‘Gold Top’ is a contemporary milk bottle that delights the riches of the past
For some time I had been developing a fascination for 18th & 19th century figurative sculpture – Rodin being the prime example – and was looking for a way to work with this. It was one of those eureka moments when I came up with the idea of taking moulds from carefully selected existing figurines, and re-casting them in monochrome concrete. Positioned on plinths, despite their diminutive scale they seemed to take on the very monumentality I had been attracted to in the sculptures and civic statues I’d been looking at.
My figurine search is a continuous one and I’ve hunted through dozens of flea markets and junk shops in England, Europe and America. It turns out to be much more difficult than I imagined to track down the perfect mix of character, scale, stance, form and detail.
Three of the four figurines in the Mint collection were found during a recent trip to Tennessee. I had just about given up hope one day, trawling through roadside ‘antique’ stores in the foothills of the Smoky Mountains, until there, collecting dust on a top shelf of the 2nd floor at Riverside Antique Mall, was Knoxville Girl!
Just down the road, and not even high status enough to warrant an indoor location, Tennessee Girl was sheltering from the elements on the front porch of Kinzel Springs Antiques among a cacophony of old junk.
Chattanooga Girl, in her former life, was a ‘chalk ware’ hoopla prize from a 1940s fun fair, and with her dog and grin, a somewhat raunchier version of her English sister, the bonneted Seaside Girl found resting demurely in a south coast junk shop.
Fraught with a mixture of disappointment and elation – my compulsive figurine search goes on!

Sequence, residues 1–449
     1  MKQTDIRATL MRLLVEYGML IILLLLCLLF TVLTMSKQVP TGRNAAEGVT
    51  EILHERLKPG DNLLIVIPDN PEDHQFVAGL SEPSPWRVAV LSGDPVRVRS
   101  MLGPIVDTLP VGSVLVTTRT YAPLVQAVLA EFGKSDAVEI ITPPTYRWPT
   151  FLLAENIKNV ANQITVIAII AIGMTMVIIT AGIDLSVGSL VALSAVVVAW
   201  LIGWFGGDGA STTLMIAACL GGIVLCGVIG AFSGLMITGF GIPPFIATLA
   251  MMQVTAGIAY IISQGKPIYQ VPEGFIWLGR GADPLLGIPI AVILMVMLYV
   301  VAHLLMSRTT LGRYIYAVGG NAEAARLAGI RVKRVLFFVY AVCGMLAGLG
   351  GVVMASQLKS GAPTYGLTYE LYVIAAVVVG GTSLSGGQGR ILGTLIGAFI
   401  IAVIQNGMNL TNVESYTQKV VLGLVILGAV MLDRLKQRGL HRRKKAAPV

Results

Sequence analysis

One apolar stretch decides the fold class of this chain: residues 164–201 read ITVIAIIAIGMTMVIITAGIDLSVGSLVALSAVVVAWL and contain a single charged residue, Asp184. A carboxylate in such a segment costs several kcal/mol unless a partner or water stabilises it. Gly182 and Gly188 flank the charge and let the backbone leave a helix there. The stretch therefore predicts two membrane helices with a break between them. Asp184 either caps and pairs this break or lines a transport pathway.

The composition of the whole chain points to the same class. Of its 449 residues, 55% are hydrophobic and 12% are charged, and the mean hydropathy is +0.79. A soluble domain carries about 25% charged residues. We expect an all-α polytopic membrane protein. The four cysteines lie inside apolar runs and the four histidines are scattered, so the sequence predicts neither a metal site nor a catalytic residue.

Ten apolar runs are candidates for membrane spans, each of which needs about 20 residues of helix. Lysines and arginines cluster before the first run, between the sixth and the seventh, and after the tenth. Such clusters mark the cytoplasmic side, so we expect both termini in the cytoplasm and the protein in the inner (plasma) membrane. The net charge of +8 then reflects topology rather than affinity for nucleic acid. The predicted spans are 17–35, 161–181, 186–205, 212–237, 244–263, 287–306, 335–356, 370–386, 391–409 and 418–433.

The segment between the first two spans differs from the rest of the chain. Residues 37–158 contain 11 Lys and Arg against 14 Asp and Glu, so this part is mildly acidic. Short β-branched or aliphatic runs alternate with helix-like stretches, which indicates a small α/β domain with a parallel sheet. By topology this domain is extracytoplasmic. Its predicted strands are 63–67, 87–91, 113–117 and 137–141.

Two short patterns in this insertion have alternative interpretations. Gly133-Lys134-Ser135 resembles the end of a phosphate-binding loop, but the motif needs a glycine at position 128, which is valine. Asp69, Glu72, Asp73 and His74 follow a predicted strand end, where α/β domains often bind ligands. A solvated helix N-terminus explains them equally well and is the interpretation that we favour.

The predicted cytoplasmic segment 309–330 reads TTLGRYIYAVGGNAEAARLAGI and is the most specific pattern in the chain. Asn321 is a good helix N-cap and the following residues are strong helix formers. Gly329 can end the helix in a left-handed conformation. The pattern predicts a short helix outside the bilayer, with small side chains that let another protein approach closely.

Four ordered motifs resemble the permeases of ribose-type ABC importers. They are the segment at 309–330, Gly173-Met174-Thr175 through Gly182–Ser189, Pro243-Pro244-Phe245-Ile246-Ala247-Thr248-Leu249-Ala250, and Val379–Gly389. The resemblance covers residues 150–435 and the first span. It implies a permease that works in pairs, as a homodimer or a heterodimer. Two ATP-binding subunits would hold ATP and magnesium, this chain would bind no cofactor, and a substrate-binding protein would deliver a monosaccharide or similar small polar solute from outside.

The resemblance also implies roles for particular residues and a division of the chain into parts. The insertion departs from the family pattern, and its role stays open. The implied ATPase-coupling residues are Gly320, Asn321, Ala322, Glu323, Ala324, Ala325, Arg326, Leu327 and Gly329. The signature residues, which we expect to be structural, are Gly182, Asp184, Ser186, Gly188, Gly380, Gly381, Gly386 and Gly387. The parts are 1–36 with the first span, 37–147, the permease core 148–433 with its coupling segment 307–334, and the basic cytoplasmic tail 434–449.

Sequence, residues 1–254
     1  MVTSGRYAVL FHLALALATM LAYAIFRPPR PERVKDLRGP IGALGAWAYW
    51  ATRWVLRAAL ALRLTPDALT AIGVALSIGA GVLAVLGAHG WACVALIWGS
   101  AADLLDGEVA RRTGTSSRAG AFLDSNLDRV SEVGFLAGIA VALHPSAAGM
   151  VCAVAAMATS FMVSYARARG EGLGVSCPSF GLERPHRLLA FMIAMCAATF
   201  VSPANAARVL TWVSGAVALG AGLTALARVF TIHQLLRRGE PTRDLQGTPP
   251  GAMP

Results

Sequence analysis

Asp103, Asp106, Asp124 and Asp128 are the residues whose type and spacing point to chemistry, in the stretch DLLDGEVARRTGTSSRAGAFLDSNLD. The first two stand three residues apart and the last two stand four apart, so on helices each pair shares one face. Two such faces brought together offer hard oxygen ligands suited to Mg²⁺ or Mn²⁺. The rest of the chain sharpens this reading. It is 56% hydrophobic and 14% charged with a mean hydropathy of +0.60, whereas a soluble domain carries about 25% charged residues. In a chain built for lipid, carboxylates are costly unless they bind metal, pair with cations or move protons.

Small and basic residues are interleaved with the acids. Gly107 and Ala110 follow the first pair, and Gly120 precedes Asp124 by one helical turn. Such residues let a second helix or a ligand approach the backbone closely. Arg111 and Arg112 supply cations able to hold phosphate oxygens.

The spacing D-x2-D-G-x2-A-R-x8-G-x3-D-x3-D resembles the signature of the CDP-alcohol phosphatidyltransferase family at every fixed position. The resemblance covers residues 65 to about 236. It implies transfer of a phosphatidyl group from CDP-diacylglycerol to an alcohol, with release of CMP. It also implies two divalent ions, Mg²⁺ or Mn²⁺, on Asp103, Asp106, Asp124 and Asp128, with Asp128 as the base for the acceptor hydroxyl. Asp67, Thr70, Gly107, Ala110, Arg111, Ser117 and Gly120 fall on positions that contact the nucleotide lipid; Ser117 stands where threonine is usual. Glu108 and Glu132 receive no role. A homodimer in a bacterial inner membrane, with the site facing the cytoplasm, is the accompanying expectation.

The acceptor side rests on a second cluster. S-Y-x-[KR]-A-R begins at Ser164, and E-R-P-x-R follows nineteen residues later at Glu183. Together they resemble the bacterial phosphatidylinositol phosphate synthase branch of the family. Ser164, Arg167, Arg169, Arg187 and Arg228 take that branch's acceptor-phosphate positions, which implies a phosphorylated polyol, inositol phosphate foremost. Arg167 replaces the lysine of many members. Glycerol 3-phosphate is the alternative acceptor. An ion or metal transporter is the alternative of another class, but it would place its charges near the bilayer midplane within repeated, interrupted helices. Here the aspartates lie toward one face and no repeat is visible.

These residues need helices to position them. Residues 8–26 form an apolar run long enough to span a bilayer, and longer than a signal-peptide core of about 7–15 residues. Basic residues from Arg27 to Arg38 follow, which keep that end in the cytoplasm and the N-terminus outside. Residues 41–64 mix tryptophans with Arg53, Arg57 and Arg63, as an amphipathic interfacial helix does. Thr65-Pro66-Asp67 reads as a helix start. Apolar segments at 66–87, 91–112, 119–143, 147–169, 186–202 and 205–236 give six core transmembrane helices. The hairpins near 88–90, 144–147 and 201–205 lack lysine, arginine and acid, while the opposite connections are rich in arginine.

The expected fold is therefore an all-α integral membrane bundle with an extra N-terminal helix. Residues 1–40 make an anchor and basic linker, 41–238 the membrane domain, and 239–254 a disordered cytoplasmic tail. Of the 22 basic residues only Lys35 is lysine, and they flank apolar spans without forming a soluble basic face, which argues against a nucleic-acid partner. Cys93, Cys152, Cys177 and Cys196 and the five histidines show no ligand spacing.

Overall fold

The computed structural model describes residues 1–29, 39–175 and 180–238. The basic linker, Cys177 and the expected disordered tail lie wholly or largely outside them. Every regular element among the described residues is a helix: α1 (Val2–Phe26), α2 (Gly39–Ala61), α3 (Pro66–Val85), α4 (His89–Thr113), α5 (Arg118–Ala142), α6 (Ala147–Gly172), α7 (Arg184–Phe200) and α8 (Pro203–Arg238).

Mrs Irene Fletcher, former weaver and shop worker passed away aged 86.
Mrs Fletcher, started her working life in the cotton mills where she spent four years before moving to a children’s wear store in Accrington. After several years there she became manageress and she also worked for a sister store in Haslingden at the same time. She was on the Ladies Committee at King Street Working Men’s Club, Accrington, for many years. She was actively involved with the Accrington Sea Cadets Band with her husband, the late Ben, and did much of the administration work.
During the 1950s the couple spent a number of years living in Australia and New Zealand before returning to England. Mrs Fletcher enjoyed knitting, bingo, travelling, dancing and watching snooker.
She leaves two children, and eight grandchildren.
Just a card. I went to see Nellie last Friday. Found her getting ready for her dear boy not yours this time. Those photos you sent are not very clear, what is that? They are a little different to the ones you sent to Nellie. I am surprised at you being taken like that. Well I might have expected it of you, such a modest maid. I saw the young man you made eyes at when I was with you at nelllies.
Seiwa Cunningham is a textile designer with a keen interest in alternative methods of printing and image transfer, with the emphasis on playfulness and experimentation. Seiwa works with layered textures, fabrics and mediums.
Her present preoccupation is with her past and recording her early memories using photographic imagery and text on fabric.
Seiwa also works with elders and those with learning difficulties to produce reminiscences and expressions of self that serve not only as works of art, but also as ‘journals’.
Seiwa on her Reminiscence Dresses:
“I’m not a seamstress. I make no pretence of being one. My sewing can be slapdash and hurried. I don’t care. My reminiscence dresses are ‘sketches’. They have the loose, unfinished, suggested lines of a quick drawing. What I’m trying to do is capture memories – emotions, times and places, quickly.
Our lives and our memories are as imperfect as my stitching. Sometimes a stitch drifts off, intersects another or even comes undone. Isn’t that how life is? I think it is. “
Shay Alkalay & Yael Mer – Tailored Stools
A technique similar to that used in the clothing industry is applied to furniture. A pattern is generated and when assembled, the resulting void is filled with foam. Just as a suit is altered to fit the client, the furniture is custom made and adapted to fit the user be they tall, short, skinny or fat. The process is unconventional in terms of industrialized furniture, in that it proposes a construction technique without a mould. The pattern itself becomes both the defining surface and the mould. In a sense it is a reversal of upholstery in which normally a skin is applied over the stuffing.